Caan expects EC to lift ban on Nepali carriersThe Civil Aviation Authority of Nepal (Caan) has satisfied the concerns of the European Commission (EC) with evidence regarding the improvements Nepal has made to address air safety deficiencies during the technical committee meeting held in Brussels, Belgium last Friday, the authority said.
The Civil Aviation Authority of Nepal (Caan) has satisfied the concerns of the European Commission (EC) with evidence regarding the improvements Nepal has made to address air safety deficiencies during the technical committee meeting held in Brussels, Belgium last Friday, the authority said.
The civil aviation regulator expects a quick lifting of the order barring Nepali airlines from flying in the skies of major European countries, a move which should cheer domestic airlines planning to expand their wings to the Continent.
“We are very well prepared. We made a detailed presentation to them at the meeting that lasted three hours. They are satisfied,” said Rajan Pokhrel, deputy director general of Caan who was among the six-member delegation.
“The EC will send the meeting’s outcome report to Caan by February. After our comments, the EC will send a technical team to Nepal to assess the status of Nepali airlines,” Pokhrel said.
The visiting team will prepare a field report, and it will be tabled at the EC’s aviation safety committee in April. EC may remove Nepal from its ‘air safety list’ if the carriers are found to be up to the mark in terms of air safety.
In December 2013, the EC had issued a ban against Nepali airlines preventing them from expanding to EU cities after finding regulatory oversight to be inadequate. The airline industry fears that continuation of the ban will hurt Nepal’s airlines, as they plan to extend their network to Europe. As long as the restriction is in place, the state-owned carrier Nepal Airlines and private carrier Himalaya Airlines will not be able to fly to Europe and other developed countries. Nepal Airlines has announced resuming its London service with Airbus A330 wide body jets which are expected to join its fleet by mid-2018.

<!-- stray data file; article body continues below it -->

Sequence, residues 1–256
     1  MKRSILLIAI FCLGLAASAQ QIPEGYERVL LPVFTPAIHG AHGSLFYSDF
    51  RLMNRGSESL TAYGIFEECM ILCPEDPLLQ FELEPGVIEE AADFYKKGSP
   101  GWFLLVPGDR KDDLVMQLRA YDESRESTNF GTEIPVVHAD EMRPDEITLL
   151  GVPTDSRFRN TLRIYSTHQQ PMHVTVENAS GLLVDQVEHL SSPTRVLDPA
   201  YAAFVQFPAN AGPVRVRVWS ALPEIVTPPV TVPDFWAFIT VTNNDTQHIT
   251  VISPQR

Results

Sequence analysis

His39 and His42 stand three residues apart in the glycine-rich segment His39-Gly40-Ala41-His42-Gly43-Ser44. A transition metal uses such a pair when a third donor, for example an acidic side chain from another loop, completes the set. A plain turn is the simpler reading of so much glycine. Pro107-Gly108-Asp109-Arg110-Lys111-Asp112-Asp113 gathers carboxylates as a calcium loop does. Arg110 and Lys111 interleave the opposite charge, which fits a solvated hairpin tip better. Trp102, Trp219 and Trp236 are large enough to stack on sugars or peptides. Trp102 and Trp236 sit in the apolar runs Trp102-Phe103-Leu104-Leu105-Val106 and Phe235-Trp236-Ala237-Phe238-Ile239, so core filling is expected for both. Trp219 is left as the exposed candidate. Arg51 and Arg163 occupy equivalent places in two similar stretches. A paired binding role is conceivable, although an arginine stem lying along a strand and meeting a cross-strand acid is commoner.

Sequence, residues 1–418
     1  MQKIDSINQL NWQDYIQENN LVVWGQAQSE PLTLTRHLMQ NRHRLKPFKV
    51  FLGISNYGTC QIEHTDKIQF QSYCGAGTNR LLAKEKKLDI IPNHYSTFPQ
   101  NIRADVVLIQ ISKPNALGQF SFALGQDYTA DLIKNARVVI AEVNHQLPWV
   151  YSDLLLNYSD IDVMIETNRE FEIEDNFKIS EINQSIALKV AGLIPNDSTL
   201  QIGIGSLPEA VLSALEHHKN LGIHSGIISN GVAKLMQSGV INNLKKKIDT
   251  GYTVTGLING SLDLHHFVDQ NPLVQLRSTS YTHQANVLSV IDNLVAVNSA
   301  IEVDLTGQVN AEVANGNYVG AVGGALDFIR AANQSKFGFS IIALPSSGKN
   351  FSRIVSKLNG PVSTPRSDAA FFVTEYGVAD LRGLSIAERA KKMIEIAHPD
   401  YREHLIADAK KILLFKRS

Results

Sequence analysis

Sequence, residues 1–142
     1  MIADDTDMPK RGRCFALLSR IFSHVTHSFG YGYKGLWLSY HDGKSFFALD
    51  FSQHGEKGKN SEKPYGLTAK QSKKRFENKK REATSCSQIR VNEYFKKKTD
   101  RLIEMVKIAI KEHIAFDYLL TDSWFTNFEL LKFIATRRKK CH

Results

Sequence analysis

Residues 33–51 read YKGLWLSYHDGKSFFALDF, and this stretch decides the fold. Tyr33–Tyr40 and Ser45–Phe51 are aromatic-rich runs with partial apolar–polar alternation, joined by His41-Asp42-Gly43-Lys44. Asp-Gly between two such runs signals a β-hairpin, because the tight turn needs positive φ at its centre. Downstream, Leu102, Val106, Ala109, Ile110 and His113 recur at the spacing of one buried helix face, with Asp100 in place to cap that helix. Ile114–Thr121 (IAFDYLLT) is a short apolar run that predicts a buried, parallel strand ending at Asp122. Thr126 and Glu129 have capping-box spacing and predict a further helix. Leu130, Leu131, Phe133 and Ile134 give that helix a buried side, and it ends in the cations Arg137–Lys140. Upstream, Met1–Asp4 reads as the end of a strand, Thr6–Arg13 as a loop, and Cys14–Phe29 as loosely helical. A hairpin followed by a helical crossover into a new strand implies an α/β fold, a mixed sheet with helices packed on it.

The EC’s prime concern was with Nepal’s air safety management due to frequent air crashes in the country. “We informed the meeting that Nepal was in the process of implementing and maintaining a State Safety Programme (SSP) in compliance with the relevant International Civil Aviation Organization (Icao) standards and recommended practices in order to achieve an acceptable level of safety,” said Pokhrel.
Likewise, the progress achieved in splitting Caan into two entities—service provider and regulator—was also discussed during the conference. The Nepali delegation informed the meeting that the law regarding separation of Caan was at the final stage of seeking Cabinet approval.
Last July, Icao had removed the significant safety concerns (SSC) tag it had put on Nepal four years ago. Caan officials are optimistic that the EC will follow suit.
The UN supervisory body had put the SSC tag on Nepal’s aviation sector in its audit report in 2013, a follow-up to the 2009 audit, after assessing that Nepal’s safety standard had not improved on par with global standards.
The 2013 audit report had pointed out that Nepal’s score of 55.01 percent in effective implementation of critical elements of safety oversight system was way below the global average of 60 percent. But the latest audit has given Nepal a score of 66 percent for effective implementation of safety standards.